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Q&A: What are the symptoms of radiation sickness?

As we watch the nuclear crisis escalate in Japan, many of us have questions on radiation sickness. NBC's Dr. Nancy Snyderman explains the health effects of exposure to radioactive material.

As we watch the nuclear crisis escalate in Japan, many of us have questions on radiation sickness — what are the symptoms and what are the long-term health effects? And should those of us in the U.S. be taking any extra precautions? NBC's chief medical editor Dr. Nancy Snyderman explains.

Q: What are the main symptoms of radiation sickness?
Radiation sickness (acute radiation syndrome, or ARS) occurs when the body is exposed to a high dose of penetrating radiation within a short period of time. The first symptoms of ARS typically are fatigue, hair loss, nausea, vomiting and diarrhea, as well as skin changes such as swelling, redness, itching and radiation burns. Symptoms may present within a few minutes to days after the exposure, and may come and go. This seriously ill stage may last from a few hours up to several months.

Q: How much radiation does there have to be, and how long do you have to be exposed, to cause health problems?
Most studies on radiation and cancer risk have looked at people exposed to very high doses of radiation. Consequently, it is harder to measure the much smaller increase in cancer risk that might come from much lower levels of radiation exposure. Some scientists and regulatory agencies believe that even small doses of ionizing radiation may increase cancer risk, although by a very small amount. The rule of thumb is that the risk of cancer from radiation exposure increases as the dose of radiation increases. Since everyone’s body is different, there is no definitive threshold dose at which you can be totally safe.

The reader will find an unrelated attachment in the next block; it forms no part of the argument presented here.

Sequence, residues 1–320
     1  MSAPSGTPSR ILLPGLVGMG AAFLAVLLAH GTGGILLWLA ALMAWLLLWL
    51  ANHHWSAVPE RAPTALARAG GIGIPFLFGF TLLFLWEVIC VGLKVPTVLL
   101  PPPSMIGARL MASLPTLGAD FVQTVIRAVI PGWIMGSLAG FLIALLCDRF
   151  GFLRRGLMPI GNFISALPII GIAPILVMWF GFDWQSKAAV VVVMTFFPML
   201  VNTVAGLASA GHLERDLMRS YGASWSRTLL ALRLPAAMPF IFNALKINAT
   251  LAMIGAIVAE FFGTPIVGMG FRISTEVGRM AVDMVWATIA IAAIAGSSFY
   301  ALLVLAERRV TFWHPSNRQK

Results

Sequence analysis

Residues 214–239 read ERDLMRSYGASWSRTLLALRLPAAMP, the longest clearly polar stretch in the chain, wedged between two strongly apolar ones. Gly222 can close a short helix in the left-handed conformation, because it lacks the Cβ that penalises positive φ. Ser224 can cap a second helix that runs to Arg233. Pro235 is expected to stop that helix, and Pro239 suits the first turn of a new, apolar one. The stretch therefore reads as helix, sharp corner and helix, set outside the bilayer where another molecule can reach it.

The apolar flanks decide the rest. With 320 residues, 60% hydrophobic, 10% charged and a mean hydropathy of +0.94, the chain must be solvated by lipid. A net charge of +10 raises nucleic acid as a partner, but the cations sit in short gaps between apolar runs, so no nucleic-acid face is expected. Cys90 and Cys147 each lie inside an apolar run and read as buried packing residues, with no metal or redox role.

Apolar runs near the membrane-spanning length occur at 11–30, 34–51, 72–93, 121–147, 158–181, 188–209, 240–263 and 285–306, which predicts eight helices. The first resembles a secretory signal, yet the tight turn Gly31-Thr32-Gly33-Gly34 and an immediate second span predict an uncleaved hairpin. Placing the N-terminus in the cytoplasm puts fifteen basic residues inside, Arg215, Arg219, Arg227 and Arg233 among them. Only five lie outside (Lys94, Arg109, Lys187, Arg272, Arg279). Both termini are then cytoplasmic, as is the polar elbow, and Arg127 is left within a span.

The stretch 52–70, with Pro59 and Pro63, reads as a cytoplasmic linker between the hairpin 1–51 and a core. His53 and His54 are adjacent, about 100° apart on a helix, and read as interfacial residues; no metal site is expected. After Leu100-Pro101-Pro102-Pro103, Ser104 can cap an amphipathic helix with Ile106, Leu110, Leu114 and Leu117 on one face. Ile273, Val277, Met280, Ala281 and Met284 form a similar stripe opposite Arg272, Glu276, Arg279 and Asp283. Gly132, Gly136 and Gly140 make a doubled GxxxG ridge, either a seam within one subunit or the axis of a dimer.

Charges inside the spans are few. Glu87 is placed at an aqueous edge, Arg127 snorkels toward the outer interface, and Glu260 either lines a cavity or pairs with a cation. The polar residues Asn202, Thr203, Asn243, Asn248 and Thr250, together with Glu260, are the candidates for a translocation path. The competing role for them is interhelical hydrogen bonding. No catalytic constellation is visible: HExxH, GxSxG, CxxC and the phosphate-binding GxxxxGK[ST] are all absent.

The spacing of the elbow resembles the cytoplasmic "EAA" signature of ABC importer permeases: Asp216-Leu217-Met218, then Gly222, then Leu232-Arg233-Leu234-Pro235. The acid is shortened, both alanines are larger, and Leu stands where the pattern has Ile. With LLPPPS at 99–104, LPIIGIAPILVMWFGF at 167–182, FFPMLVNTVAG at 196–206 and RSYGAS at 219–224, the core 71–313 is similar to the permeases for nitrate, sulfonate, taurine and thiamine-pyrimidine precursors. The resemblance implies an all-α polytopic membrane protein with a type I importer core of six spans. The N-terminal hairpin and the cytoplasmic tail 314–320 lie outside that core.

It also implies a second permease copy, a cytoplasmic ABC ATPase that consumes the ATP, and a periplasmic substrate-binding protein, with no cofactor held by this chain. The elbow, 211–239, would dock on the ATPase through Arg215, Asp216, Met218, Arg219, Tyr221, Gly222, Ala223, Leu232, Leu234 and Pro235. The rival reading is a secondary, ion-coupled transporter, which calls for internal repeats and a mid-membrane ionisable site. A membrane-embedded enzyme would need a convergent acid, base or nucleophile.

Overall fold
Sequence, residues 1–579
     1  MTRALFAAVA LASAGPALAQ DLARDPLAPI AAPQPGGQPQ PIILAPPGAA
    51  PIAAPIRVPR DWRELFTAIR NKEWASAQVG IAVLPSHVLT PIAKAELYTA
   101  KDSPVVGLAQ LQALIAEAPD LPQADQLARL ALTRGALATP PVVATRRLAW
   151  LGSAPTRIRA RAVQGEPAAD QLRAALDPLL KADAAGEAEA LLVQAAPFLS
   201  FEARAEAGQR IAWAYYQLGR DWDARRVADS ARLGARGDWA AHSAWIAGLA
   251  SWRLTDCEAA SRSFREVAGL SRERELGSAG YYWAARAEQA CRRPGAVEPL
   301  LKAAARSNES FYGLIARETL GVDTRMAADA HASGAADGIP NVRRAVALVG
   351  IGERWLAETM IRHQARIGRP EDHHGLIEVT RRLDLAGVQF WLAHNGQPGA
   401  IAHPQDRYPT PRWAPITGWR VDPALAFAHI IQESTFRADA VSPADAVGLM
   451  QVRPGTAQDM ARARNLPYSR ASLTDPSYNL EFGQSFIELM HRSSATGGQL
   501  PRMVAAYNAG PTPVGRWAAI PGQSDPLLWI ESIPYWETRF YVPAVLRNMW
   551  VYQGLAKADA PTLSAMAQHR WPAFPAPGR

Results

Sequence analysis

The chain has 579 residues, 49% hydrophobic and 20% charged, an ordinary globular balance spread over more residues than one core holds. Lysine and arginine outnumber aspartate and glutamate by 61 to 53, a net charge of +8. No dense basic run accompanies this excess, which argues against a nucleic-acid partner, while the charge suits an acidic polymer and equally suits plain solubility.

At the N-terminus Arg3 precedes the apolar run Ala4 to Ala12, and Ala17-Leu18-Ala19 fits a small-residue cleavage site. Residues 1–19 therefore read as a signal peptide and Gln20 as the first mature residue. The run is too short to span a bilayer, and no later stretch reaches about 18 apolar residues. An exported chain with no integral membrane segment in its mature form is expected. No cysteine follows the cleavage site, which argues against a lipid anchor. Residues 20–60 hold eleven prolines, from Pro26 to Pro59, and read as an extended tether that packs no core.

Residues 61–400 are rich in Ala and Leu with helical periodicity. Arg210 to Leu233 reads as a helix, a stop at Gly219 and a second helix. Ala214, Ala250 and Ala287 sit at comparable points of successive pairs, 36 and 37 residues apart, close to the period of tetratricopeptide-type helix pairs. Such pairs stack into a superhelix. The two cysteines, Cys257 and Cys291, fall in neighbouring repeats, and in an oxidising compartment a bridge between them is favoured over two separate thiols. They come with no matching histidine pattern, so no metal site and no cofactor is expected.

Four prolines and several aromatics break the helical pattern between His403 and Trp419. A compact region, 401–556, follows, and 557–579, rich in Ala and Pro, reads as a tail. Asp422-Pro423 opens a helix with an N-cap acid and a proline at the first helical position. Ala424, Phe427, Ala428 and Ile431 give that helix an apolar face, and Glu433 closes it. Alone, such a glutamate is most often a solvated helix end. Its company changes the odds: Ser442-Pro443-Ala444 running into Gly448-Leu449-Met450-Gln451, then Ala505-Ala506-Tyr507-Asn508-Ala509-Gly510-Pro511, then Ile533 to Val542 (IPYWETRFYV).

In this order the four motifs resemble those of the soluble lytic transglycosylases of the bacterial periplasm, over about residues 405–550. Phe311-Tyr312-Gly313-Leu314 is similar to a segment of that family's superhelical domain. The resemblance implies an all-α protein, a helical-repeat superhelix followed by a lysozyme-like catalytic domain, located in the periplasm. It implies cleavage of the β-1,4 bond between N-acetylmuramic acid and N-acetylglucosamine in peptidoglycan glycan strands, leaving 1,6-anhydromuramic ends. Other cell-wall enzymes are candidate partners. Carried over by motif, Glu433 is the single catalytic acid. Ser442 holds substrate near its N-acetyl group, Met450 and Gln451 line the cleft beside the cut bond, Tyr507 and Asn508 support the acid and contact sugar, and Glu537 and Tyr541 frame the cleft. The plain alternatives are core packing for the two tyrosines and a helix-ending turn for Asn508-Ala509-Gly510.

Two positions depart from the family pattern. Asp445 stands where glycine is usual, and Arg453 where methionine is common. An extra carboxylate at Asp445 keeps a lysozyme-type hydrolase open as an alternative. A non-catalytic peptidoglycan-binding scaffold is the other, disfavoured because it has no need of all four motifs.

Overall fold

What do you want to know about radiation? Dr. Nancy answer your questions

Q: Is soap and water really enough to get radiation off you?
Any person with contamination on their clothing or body should remove their clothes and shower. Soap and water can go a long way toward minimizing absorption through the skin and keeping local contamination from spreading.

Q: What are the long-term health consequences of radiation exposure?
Cancer is the most common long-term consequence of radiation exposure. Your bone marrow and your thyroid gland are especially sensitive to radiation. Research shows that some cancers types are more strongly linked to radiation exposure. These cancer types include leukemia, thyroid cancer, multiple myeloma, in addition to skin, lung, stomach and breast cancer.

Young children are very vulnerable to the long-term effect of radiation because their cells are actively dividing as part of normal growth and development. Fetuses are also particularly susceptible to the effects of radiation, and mutations can occur if the radiation exposure happens during the early pregnancy. History shows us that genetic mutations can occur in adults exposed to nuclear radiation. These mutations can sometimes be passed from parent to child.

Q: If the Japanese power plant continues to spew radiation and the wind blows it out to sea, how concerned should we be in the U.S. for our own safety?
A: Not concerned because the amount of radiation is low and any residual will be dissipated by the jet stream before it hits the coast of California.

Q: Iodine tablets are selling out in America; should we be stocking up? Are there any other steps we should take in the U.S.?
A: There is absolutely no need to panic and right now and there are no special steps that experts are recommending. After a nuclear event, local public health or emergency management officials will tell the public if they should be taking potassium iodide or if other protective actions are needed. Remember, iodine prophylaxis is not one size fits all. If you have a seafood or shellfish allergy, a thyroid condition or certain skin disorders, you should not take potassium iodide before consulting with your doctor.

Dr. Nancy Snyderman will continue to